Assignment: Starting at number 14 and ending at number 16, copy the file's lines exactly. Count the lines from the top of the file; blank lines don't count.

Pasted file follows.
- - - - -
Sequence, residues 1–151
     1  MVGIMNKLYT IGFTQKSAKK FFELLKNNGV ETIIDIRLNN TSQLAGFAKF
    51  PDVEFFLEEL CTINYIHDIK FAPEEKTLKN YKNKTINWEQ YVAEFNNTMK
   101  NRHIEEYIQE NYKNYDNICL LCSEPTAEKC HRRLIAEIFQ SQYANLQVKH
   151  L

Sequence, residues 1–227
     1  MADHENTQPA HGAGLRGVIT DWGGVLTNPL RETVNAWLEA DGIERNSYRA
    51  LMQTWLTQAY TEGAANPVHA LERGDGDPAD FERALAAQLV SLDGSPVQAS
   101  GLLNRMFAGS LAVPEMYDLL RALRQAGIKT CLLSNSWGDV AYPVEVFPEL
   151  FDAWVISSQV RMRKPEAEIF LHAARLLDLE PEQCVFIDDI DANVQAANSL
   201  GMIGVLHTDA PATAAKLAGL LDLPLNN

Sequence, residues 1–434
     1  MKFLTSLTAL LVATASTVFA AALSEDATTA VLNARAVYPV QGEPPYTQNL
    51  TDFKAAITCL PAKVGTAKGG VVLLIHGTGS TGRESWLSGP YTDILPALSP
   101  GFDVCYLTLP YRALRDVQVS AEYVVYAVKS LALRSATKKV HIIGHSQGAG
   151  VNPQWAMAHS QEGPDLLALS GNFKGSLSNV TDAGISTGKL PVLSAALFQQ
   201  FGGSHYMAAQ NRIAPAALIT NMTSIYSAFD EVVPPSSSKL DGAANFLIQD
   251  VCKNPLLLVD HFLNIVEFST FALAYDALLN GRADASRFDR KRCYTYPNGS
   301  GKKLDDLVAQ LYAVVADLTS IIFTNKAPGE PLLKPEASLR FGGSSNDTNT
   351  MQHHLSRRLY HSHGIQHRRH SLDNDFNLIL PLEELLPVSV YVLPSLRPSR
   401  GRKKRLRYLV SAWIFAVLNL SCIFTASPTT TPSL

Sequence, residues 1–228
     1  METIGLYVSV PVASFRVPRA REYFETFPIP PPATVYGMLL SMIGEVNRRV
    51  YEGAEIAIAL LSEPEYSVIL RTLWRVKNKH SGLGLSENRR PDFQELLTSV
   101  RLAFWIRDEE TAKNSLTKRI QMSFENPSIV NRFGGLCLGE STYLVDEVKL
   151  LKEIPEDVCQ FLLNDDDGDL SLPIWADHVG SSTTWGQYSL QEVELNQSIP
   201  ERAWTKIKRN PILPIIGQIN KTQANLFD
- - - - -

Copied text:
    51  TDFKAAITCL PAKVGTAKGG VVLLIHGTGS TGRESWLSGP YTDILPALSP
   101  GFDVCYLTLP YRALRDVQVS AEYVVYAVKS LALRSATKKV HIIGHSQGAG
   151  VNPQWAMAHS QEGPDLLALS GNFKGSLSNV TDAGISTGKL PVLSAALFQQ